It was a polite but no-nonsense presentation:
Councilman Baker: ...You also mentioned 130 new officers. I would love to see that. I wonder if you have any ideas on how we can get there?
Chief Batts: ...I don't have the answer to the question because it goes into policy issues, but I think as a city, we're going to be behind the 8-ball in a couple of years, and I don't know if we'll have the mechanism to catch up at that point in time.
Councilwoman Kell: ...How much growth are you talking about?
Chief Batts: Well even today without having the Camden projects on line, without having the Genesis project on line, without having the CityPlace project on line, all this growth that we have in the city. I'm talking about the Boeing project that we have that's pending out there. Those are all things that pull on the organization. Before you open the Pike project, although they have security, and they have security out there much like the Town Center, usually that pulls on our resources also throughout the city. That pulls from your area to go up to Town Center and just stay on top of that issue...
8th district Councilman Rob Webb asked Chief Batts about officer levels in City Hall's 1994 Police Dept. "Strategic Plan" (a product of the City Auditor's office and then-city management). Chief Batts referred to an attachment to the plan (a "wish list," he called it) that indicated LB at 1,023 sworn officers by FY 2000 (i.e. four years ago). "That wish list number comes very close to where we need to be today," Chief Batts said.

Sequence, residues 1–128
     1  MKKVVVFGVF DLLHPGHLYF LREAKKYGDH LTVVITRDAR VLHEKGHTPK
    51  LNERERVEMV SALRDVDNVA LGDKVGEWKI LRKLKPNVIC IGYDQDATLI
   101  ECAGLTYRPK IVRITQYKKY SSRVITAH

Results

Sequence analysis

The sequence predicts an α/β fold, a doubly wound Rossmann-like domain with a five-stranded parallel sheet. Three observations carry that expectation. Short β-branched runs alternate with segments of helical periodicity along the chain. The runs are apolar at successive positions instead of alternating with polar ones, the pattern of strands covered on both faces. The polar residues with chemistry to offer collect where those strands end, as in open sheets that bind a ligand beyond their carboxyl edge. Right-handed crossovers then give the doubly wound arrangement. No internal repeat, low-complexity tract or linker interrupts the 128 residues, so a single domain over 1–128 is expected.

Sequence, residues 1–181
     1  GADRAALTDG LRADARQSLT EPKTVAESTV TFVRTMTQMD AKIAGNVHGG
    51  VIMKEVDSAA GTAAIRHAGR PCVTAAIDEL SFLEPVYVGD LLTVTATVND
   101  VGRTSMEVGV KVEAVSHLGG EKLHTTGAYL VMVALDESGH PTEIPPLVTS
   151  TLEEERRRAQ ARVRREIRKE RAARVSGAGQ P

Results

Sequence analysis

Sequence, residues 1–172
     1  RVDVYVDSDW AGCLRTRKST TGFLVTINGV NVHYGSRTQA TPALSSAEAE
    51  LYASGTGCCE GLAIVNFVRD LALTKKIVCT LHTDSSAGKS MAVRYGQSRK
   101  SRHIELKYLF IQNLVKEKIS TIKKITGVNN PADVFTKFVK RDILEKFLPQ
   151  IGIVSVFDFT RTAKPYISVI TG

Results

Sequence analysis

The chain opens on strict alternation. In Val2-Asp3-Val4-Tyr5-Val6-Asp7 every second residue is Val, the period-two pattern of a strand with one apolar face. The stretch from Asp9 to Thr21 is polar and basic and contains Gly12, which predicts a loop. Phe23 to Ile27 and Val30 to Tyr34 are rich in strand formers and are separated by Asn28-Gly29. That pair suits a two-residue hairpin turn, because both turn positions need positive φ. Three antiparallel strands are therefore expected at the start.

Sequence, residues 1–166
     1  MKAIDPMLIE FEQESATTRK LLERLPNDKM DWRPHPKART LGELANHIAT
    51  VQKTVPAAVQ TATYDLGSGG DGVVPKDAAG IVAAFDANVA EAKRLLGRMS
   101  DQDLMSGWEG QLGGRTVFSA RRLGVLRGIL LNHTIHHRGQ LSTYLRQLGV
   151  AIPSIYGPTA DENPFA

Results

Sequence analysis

In a significant action following Chief Batts' presentation, the President of the Long Beach Police Officers Association, Steve James, came to the podium to underscore what Chief Batts said about the need for more officers.
POA President James: ...Plain and simple, you have a Chief that finally came down here and finally told you the truth.
He just told you we need 130 more police officers. You haven't heard that [before]. About [two years ago], I walked back after one of these meetings with our then-Chief of Police, and he made a comment that he would have asked for more cops if he would have known that an extra million dollars was going to be given to the Public Corporation for the Arts, but he was under the impression that we didn't have the money.